Croce's liberalism differs from the theories advocated by most proponents of liberal political thought, including those in Britain and in the United States of America: while Croce theorises that the individual is the basis of society, he rejects social atomism, and while Croce accepts limited government, he refuses that the government should have fixed legitimate powers.

Croce did not agree with John Locke about the nature of liberty. Croce believed that liberty is not a natural right but an earned right that arises out of continuing historical struggle for its maintenance.

Croce defined civilization as the "continual vigilance" against barbarism, and liberty conformed to his ideal for civilization as it allows one to experience the full potential of life.

Croce also rejects egalitarianism as absurd. In short, his variety of liberalism is aristocratic, as he views society being led by the few who can create the goodness of truth, civilization, and beauty, with the great mass of citizens simply benefiting from them but unable to fully comprehend their creations (Ryn, 2000:xii[8]).

Selected quotations

Selected bibliography

See also: Croce at the Marxists Internet Archive.

See English edition: Theory and history of Historiography, [[Douglas Ainslie](Trans)], Editor: George G. Harrap. London (1921).

See also


  1. Benedetto Croce (1942). Why we cannot not call ourselves Christians. La Critica.
  2. Marcello Pera (10 October 2013). Why We Should Call Ourselves Christians: The Religious Roots of Free Societies. Encounter Books. p. 219.
  3. Roberto Pertici (21 October 2007). "Quando Benedetto Croce dialogava su Dio". l'Occidentale.
  4. Robin Headlam Wells, Glenn Burgess, Rowland Wymer (eds.), Neo-historicism: Studies in Renaissance Literature, History, and Politics, Boydell & Brewer Ltd, 2000, p. 3.
  5. Berys Gaut and Dominic McIver Lopes, The Routledge Companion to Aesthetics, Routledge, 2002, ch. 11: "Expressivism: Croce and Collingwood."
  6. Benedetto Croce, Breviario di estetica, 1912: "Not the idea, but the feeling, is what confers upon art the airy lightness of a symbol: an aspiration enclosed in the circle of a representation—that is art." [Non l'idea, ma il sentimento è quel che conferisce all'arte l'aerea leggerezza del simbolo: un'aspirazione chiusa nel giro di una rappresentazione, ecco l'arte.]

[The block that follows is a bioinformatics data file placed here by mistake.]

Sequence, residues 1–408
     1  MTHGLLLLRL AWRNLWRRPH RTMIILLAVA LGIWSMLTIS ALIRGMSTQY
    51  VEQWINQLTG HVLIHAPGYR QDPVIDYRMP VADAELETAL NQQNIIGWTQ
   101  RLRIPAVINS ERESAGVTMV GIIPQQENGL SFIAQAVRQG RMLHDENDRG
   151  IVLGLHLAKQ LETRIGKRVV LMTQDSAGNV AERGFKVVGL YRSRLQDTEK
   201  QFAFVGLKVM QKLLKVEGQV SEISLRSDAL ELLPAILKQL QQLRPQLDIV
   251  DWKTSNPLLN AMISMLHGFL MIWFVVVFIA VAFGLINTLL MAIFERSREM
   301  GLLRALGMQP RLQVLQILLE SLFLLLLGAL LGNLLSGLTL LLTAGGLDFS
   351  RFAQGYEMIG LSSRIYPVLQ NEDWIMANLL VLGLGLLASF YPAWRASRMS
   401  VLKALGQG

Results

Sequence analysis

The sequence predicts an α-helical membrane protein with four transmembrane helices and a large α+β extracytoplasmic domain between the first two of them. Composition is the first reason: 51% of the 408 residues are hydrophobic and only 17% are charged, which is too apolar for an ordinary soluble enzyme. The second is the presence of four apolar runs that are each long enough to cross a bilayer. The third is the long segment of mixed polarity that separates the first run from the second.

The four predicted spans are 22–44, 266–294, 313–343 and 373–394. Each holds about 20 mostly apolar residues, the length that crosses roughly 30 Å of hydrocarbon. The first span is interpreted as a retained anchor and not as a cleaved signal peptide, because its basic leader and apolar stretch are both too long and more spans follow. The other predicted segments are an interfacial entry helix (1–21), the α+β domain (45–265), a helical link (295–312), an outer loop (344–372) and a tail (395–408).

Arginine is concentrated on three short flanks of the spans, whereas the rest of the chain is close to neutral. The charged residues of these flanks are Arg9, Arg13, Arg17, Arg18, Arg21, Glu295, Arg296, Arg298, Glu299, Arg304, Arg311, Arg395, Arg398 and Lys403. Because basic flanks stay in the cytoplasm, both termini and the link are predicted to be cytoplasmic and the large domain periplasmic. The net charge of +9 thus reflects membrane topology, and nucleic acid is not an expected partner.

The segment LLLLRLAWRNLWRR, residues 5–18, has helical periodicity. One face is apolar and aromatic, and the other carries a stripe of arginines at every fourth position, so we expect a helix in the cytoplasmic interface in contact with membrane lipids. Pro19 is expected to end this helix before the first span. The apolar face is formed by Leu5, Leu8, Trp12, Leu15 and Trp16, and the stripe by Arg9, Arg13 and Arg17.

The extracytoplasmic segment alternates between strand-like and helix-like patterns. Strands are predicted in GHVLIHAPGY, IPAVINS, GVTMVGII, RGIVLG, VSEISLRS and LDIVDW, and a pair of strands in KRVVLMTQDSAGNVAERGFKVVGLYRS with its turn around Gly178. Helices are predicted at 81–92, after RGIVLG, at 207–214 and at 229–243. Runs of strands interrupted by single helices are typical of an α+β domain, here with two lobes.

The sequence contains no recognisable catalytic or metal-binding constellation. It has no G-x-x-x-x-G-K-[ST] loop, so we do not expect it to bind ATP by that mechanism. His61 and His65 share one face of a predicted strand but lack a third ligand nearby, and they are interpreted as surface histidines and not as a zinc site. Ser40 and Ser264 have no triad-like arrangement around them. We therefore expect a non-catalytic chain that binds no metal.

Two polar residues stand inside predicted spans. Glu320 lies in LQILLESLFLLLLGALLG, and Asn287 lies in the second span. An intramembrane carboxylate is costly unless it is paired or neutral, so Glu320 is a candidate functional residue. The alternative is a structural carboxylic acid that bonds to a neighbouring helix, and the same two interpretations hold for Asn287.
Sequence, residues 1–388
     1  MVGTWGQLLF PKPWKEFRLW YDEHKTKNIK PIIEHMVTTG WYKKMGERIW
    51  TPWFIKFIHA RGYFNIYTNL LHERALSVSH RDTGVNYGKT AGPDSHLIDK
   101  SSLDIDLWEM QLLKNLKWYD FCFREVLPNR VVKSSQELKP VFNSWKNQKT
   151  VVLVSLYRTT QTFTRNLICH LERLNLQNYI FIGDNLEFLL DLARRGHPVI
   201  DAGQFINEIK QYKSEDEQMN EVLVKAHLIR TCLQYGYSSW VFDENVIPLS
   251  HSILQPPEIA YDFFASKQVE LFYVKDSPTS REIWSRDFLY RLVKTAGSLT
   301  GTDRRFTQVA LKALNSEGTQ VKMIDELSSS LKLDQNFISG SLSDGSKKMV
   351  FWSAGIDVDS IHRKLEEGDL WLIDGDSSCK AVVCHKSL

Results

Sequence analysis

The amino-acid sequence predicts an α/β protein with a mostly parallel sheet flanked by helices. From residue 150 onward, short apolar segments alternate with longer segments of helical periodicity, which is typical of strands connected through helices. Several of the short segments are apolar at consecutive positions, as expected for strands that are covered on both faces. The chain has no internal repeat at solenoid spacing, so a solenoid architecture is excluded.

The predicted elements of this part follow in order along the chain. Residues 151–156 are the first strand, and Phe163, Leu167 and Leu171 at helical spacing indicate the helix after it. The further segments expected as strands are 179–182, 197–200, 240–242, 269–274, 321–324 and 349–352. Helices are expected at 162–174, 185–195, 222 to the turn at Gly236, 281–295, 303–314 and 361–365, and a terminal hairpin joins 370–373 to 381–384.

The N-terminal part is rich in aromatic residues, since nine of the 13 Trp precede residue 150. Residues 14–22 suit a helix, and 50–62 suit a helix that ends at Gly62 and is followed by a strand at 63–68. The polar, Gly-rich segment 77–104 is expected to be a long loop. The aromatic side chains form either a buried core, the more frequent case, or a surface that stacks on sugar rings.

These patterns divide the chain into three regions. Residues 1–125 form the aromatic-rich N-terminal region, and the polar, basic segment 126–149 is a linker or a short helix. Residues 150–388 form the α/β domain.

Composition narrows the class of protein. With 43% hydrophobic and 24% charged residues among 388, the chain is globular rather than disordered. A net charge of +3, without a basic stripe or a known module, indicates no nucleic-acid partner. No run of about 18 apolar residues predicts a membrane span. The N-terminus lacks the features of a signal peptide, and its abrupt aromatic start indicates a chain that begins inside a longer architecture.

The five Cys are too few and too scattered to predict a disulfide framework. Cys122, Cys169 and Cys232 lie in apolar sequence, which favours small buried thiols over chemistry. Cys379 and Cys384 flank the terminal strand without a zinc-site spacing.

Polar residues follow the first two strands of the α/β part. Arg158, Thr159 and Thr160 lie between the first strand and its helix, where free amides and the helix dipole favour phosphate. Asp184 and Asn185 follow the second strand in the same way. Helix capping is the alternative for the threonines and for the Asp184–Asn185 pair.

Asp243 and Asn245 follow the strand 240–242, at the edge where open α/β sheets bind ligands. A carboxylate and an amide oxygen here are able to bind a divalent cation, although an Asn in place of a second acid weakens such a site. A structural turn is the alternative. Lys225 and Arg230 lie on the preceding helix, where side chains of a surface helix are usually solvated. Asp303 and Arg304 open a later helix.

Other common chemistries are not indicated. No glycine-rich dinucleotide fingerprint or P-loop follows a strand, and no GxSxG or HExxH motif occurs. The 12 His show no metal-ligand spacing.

7. Lorenzo Benadusi, Giorgio Caravale, George L. Mosse's Italy: Interpretation, Reception, and Intellectual Heritage, Palgrave Macmillan, 2014, p. 17
  8. 1 2 3 4 5 6 7 History as the story of liberty: English translation of Croce's 1938 collection of essays originally in Italian; translation published by Liberty Fund Inc. in the USA in 2000 with a foreword by Claes G. Ryn. ISBN 0-86597-268-0 (hardback). See Croce 1938.
  9. Croce ,Benedetto 'The Philosophy of Giambattista Vico' trans R.G.Collingwood London, 1923
  10. Denis Mack Smith, "Benedetto Croce: History and Politics", Journal of Contemporary History Vol 8(1) Jan 1973 pg 47.
  11. See the detailed description in a letter by Fausto Nicolini to Giovanni Gentile published in Sasso, Gennaro (1989). Per invigilare me stesso. Bologna: Il mulino. pp. 139–40.
  12. It is a disdainful term for misgovernment, a late and satirical addition to Aristotle's famous three: tyranny, oligarchy, and democracy.
  13. For about a month in the so-called Second Badoglio government and again for a month in the Second Bonomi government.
  14. La Critica. Rivista di Letteratura, Storia e Filosofia diretta da B. Croce, 1, 1903 p.372
  15. Umberto Eco, "A Theory of Semiotics" (Indiana University Press. 1976)
  16. Allan, George (1972). "Croce and Whitehead On Concrescence". Process Studies. 2 (2): 95–111. Allan lists the sources Croce, History as the Story of Liberty, London: George Allen & Unwin, 1941 (see Croce 1938) and Croce, History: Its Theory and Practice, New York: Russell & Russell, 1960.
  17. Quoted in Salomone, William A., Italy from Risorgimento to Fascism: an Inquiry into the Origins of the Totalitarian State.
  18. Benedetto Croce, Poesia popolare e poesia d'arte, Laterza, Bari, 1933

Further reading

External links

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Benedetto Croce
Non-profit organization positions
Preceded by
Maurice Maeterlinck
International President of PEN International
Succeeded by
Charles Langbridge Morgan